Slow down. Don't speed around schools or in neighborhoods.
Watch for school zones. If any school-zone sign in your neighborhood is not easily seen, work with the school to get the situation fixed.
Take special care around school buses. In some states, laws require cars to remain stopped for as long as a school bus loads and unloads its passengers.
Expect the unexpected. A child's reaction to danger differs from that of an adult. Sometimes the approach of a car will prompt a child to run faster across the street instead of staying on the sidewalk as an adult may do.
Expect what's to be expected, too. When a ball or a dog goes into the street, look for a child to follow.
Watch the ground. Sometimes a glimpse of feet is the only warning that a young pedestrian is about to enter traffic. Look also for bicycle wheels, dog paws and moving shadows.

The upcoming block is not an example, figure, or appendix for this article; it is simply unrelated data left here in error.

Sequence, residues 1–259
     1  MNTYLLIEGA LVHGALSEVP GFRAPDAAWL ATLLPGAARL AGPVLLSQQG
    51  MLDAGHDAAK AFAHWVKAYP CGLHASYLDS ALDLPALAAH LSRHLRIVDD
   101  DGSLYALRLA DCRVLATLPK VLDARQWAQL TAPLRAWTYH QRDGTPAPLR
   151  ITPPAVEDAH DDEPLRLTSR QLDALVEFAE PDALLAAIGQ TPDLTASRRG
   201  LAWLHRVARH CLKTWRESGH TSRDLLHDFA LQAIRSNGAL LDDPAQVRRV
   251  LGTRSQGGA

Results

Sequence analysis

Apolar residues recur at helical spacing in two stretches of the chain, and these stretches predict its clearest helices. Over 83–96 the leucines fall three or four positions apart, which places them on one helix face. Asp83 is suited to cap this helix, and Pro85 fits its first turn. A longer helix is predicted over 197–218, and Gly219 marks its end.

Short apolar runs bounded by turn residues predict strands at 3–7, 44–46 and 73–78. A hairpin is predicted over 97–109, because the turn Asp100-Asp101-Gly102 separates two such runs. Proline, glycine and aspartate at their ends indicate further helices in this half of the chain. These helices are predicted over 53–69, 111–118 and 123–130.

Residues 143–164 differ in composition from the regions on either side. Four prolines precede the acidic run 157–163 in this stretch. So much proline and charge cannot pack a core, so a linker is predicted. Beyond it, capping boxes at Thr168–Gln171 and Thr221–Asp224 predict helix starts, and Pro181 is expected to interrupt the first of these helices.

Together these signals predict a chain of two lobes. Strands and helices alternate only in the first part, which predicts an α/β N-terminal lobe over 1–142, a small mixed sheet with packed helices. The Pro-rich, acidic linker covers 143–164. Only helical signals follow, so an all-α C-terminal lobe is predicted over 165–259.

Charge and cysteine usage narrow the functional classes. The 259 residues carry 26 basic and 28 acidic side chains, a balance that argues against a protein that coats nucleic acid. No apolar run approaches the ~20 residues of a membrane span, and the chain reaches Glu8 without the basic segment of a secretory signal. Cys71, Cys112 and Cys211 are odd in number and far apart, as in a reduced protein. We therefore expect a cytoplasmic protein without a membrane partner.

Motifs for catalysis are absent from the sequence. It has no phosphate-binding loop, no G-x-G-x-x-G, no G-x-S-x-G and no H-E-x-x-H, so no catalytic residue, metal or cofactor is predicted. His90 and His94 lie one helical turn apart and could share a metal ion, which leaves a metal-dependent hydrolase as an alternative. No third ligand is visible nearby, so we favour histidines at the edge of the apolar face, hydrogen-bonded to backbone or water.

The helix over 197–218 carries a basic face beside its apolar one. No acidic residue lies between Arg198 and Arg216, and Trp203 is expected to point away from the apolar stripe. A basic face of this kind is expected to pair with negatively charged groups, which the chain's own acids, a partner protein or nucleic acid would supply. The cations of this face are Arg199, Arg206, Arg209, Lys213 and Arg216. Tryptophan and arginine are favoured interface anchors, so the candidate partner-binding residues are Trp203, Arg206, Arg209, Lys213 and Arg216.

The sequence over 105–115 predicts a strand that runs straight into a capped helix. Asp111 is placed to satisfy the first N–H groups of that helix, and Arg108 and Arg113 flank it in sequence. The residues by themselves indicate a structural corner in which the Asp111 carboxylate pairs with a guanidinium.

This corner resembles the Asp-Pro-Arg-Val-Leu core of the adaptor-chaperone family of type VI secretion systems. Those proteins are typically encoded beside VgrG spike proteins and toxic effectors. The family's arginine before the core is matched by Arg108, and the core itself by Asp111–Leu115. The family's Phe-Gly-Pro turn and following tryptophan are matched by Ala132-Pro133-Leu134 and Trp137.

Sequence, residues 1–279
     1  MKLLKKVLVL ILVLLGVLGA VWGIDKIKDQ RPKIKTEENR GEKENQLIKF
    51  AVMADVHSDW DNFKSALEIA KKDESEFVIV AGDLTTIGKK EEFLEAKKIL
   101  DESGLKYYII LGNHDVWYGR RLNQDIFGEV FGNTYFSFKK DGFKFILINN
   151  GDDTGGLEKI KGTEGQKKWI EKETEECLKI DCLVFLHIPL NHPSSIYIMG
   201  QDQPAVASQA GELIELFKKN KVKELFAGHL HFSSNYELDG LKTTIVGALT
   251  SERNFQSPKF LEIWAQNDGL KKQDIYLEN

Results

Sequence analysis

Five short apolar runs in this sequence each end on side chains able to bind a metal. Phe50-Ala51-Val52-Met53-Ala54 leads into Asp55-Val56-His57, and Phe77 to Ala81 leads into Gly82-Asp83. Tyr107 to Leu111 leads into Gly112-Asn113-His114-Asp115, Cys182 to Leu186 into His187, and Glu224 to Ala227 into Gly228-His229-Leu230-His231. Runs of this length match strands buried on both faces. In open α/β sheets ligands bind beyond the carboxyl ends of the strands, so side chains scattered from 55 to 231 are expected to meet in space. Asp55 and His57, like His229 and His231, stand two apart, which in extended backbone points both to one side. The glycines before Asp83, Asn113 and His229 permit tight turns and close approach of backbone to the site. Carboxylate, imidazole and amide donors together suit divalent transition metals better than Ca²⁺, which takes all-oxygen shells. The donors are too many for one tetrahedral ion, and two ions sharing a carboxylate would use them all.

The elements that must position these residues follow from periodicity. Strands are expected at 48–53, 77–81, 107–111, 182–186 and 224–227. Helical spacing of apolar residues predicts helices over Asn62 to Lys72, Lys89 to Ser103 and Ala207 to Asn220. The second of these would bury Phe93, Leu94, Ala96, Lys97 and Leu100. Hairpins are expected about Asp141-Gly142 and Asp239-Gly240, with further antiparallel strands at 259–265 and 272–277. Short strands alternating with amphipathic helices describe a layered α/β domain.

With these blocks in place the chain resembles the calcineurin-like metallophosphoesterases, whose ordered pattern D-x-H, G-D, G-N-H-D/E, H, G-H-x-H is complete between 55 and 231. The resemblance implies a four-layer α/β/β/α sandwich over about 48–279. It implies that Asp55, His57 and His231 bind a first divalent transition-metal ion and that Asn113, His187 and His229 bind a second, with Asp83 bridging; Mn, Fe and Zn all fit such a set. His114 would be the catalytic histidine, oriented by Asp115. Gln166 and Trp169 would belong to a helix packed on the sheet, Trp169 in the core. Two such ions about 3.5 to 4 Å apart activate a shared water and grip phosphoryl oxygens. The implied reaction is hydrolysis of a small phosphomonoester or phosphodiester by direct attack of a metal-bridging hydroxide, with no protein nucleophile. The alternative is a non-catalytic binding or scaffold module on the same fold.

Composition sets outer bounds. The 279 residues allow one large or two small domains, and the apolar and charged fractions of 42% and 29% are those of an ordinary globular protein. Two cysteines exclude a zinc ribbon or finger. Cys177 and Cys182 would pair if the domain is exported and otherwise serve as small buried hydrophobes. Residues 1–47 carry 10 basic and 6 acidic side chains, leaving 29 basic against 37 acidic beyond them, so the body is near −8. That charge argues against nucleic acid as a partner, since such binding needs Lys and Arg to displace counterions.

Scan from side to side to stay aware of children playing on the sidewalk or along the road. Because their eyesight and hearing are still developing, children may not always sense when a moving car presents danger. In fact, a surprising number of youngsters become injured running into the sides of cars.
Look around, under and between cars and other objects. Because children are small, they can be hidden.
Be alert in parking lots. The street is not the only place of danger. The combination of kids, buses and cars trigger a lot of incidents in school parking lots and driveways. Don't let your guard down.